Reactive MVVM on the .NET Platform
A portable and maintainable codebase is important, especially in large-scale and cross-platform .NET implementations. On XAML-based platforms, such as Windows Presentation Foundation (WPF), Universal Windows Platform (UWP), Xamarin Forms, and AvaloniaUI you can achieve maintainability goals by implementing the MVVM pattern.
MVVM stands for Model-View-ViewModel, where Model represents services, data transfer objects, and database entities related to the application domain, View is the UI and ViewModel’s responsibility is to tie these two layers together in a convenient way. ViewModel encapsulates interaction with Model, exposing properties and commands for XAML UI to bind to.
Traditional MVVM Implementation
To make bindings work a typical ViewModel should implement the INotifyPropertyChanged interface and call the PropertyChanged event when any of ViewModel’s properties change. A straightforward implementation may look like this:
With the following XAML describing our UI:
Works like a charm. When a user types their name into the text box, the text block placed below displays: “Hello, %username%!”. Values of these two controls stay synchronized — when the text box’s content changes, the text block updates itself immediately. Button clears the text box.
But wait! Our UI only needs two synchronized observable properties and one command, why do we have to write more than 20 lines of code to achieve that? What will happen, if we decide to add more properties representing ViewModel state? The code will bloat, becoming increasingly harder to understand and maintain!
Recipe #1. Observables. Shorter Getters And Setters. ReactiveUI
Well, the property change notifications boilerplate code issue is not new, and there are several solutions. Let’s take a look at ReactiveUI. It is a cross-platform, composable, functional reactive MVVM framework that brings the power of Reactive Extensions for the .NET platform. It also provides an INotifyPropertyChanged base class named ReactiveObject and a bunch of extension methods. Let’s modify our code snippet and see, how its reactive version looks like.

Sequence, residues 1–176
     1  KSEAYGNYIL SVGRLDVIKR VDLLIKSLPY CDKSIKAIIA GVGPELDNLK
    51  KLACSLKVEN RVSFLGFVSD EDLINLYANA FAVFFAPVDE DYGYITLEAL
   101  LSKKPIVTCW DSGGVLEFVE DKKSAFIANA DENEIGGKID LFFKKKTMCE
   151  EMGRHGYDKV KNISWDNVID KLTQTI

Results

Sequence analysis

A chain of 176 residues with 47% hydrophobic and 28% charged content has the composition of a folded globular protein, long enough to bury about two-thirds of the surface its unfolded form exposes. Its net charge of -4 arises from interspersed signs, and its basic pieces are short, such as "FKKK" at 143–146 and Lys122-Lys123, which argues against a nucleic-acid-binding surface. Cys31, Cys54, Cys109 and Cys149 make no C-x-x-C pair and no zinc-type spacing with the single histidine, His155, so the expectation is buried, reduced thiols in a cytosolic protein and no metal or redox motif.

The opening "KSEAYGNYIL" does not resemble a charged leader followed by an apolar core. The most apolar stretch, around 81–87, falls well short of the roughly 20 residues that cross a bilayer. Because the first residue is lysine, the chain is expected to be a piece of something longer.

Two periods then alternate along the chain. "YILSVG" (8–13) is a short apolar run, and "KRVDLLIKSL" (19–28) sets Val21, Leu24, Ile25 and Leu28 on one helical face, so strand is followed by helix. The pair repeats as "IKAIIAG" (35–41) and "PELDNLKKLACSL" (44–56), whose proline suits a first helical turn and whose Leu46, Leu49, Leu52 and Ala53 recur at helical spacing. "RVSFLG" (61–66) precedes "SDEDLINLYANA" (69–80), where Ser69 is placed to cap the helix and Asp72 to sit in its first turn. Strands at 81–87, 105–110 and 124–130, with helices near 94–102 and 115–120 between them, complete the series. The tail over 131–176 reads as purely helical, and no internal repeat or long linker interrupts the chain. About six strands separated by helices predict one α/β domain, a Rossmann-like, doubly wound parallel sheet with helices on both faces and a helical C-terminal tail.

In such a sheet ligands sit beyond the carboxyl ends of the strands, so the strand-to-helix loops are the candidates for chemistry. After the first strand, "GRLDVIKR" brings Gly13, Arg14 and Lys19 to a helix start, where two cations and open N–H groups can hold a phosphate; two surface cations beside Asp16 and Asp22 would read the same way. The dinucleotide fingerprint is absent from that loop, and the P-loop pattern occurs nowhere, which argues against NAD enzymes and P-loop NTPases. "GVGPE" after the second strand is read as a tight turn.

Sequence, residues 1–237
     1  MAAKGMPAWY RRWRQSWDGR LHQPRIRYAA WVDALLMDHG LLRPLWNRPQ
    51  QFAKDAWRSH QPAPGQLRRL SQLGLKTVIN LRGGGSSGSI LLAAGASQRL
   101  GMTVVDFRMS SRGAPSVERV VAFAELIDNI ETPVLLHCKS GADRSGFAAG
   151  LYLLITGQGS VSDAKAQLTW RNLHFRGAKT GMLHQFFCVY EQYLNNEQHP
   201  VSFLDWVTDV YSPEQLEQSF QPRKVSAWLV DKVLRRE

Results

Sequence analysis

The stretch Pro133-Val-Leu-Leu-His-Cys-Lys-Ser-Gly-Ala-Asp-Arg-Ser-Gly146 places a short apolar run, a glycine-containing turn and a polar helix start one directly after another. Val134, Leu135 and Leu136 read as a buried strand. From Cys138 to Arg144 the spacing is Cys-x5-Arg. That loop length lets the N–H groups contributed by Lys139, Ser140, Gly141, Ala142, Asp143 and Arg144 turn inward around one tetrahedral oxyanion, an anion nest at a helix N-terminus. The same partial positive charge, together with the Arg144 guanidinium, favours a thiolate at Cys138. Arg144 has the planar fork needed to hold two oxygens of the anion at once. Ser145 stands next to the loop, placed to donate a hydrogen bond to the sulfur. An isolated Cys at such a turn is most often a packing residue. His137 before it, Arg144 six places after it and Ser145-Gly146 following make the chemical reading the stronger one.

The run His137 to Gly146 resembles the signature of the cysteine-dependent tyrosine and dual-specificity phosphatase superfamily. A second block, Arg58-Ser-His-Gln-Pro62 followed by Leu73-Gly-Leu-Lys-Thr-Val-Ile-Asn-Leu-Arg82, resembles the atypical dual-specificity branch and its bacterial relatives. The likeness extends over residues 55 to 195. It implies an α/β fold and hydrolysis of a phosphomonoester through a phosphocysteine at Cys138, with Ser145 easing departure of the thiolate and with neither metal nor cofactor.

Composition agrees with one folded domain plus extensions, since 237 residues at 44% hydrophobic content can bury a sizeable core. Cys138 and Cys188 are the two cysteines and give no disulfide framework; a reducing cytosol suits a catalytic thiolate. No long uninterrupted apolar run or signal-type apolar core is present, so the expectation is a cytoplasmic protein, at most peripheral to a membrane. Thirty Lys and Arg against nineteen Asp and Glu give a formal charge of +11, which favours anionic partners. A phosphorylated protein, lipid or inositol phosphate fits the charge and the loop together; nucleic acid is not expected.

This snippet does exactly the same as the previous one but is shorter, more predictable, easier to understand and maintain. Property relations are described in one place using declarative ReactiveUI syntax. But this code is still quite verbose — we have to implement getters, setters, and backing fields explicitly.
Recipe #2. Boilerplate Code Encapsulation. Reactive Property
Another solution is to use reactive bindings from the ReactiveProperty library. This package provides wrapper classes responsible for sending notifications to the UI. Here ViewModel does not need to implement any interfaces, instead, each property implements INotifyPropertyChanged itself. Such properties also are observables — they can be mapped, filtered, combined, and so on. Let’s rewrite our sample using ReactiveProperty.
We only need to declare and initialize reactive properties and describe relations among them. No boilerplate code needed, except for property initializers. But this approach has a drawback — we should modify our XAML markup to make these bindings work as expected. Reactive properties themselves are wrappers, so UI needs to bind to each wrapper’s own property.
Recipe #3. Assembly Weaving. Fody + ReactiveUI
In a typical ViewModel, each property should send notifications to the UI when its value changes. With PropertyChanged.Fody package, a developer doesn’t have to take care of this. The only requirement is a ViewModel being marked with AddINotifyPropertyChangedInterface attribute — and code raising the property change event will be injected into setters automatically during the project build. If we need to turn our properties into observables, we can always use the WhenAnyValue extension method from ReactiveUI. Let’s rewrite our snippet again and see, how concise our code will become!
Fody manipulates the IL of an assembly at build time. PropertyChanged.Fody add-in searches for all classes implementing the INotifyPropertyChanged interface or marked with AddINotifyPropertyChangedInterface attribute, and modifies those classes’ property setters.
While this approach is great and allows us to write clean and simple code, outdated .NET Framework versions, including 4.5.1 and older ones, are no longer supported. This means you can actually use Fody with outdated versions but at your own risk while keeping in mind that any bugs found won’t ever get fixed. .NET Core versions are supported according to the .NET Core support policy.
Recipe #4. Assembly Weaving. ReactiveUI.Fody
Yet another option is to use the ReactiveUI.Fody package, which is now fully compatible with .NET Core. It works similarly to PropertyChanged.Fody, but uses the opt-in approach — you need to mark all properties with ReactiveUI.Fody attributes explicitly to have INotifyPropertyChanged boilerplate code injected into them at compile time. Additionally, this approach allows you to create get-only properties based on ObservableAsPropertyHelper that will always contain the latest value from an observable stream. Using
readonly OAPHs in your codebase for describing computed properties allows you to benefit from compile-time checks that help you to ensure that your computed properties always contain the latest value from a certain